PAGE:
Arthur Miller, The Crucible: Uncover The Effects Of Guilt On The Characters

Topics: The Crucible, Elizabeth Proctor, John Proctor Pages: 2 (657 words) Published: February 24, 2013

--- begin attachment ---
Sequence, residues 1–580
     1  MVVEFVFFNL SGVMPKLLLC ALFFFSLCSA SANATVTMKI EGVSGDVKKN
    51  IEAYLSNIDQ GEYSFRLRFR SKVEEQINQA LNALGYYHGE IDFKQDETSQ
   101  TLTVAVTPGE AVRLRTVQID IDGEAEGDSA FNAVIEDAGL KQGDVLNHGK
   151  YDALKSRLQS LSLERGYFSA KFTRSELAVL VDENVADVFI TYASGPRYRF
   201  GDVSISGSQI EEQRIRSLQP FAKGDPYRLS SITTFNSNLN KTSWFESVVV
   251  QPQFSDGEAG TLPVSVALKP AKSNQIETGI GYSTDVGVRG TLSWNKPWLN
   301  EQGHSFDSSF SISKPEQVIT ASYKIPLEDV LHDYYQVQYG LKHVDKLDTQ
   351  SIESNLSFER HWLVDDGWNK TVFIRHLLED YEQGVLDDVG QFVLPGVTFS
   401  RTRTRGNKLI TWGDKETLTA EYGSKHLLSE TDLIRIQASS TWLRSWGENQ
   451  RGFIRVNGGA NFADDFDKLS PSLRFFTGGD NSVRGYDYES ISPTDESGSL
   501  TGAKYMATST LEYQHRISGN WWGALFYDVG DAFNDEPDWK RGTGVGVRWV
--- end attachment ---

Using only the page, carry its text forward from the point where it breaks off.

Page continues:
In Arthur Millers play, The Crucible, you can easily uncover the effects of three main characters guilt. You can clearly see as the story unfolds that John Proctor, Elizabeth Procter and John Hale all are very much affected by their overwhelming guilt. Each has different causes for their guilty consciences and certainly different outcomes. Throughout this analysis I will discuss those three characters and go in depth on how their guilt drove them to their deaths and unfulfilled futures. John Proctors guilt is most clearly displayed when Hale asks him to recite the commandments and he leaves out adultery. There is no doubt that Proctor lives with his overwhelming guilty conscience, for cheating on Elizabeth, every day. It is especially hard since it always seems to be the elephant in the room. You can see the effects of Proctors guilt throughout the story from his being forgetful of the commandments, to admitting to the adultery in court, and being sentenced to jail. He believes he is damaged in the eyes of God, another effect of his guilt, which is displayed when he’s leaving the courtroom and says “God damns our kind especially, and we will burn, we will burn together!” I believe his guilt was a strong deciding factor in his refusal of a confession, to being involved with the Devil, that lead him to be sentenced to death. Elizabeth Proctors guilt carries with her until the end of the play. She believes she is the reason John committed adultery. She feels her busyness and indissoluble focus on the children drove John into Abigail’s welcoming arms. This guilt is what prompts Elizabeth to lie for John when asked about his adultery. She feels as though he should not be punished for a sin she is guilty of driving him to commit. She sits in jail with this guilt and lets it build until she finally opens up to John about it in Act 4 before he is to be hung. Elizabeth somewhat cleared herself of her guilty conscience by finally forgiving John for his...
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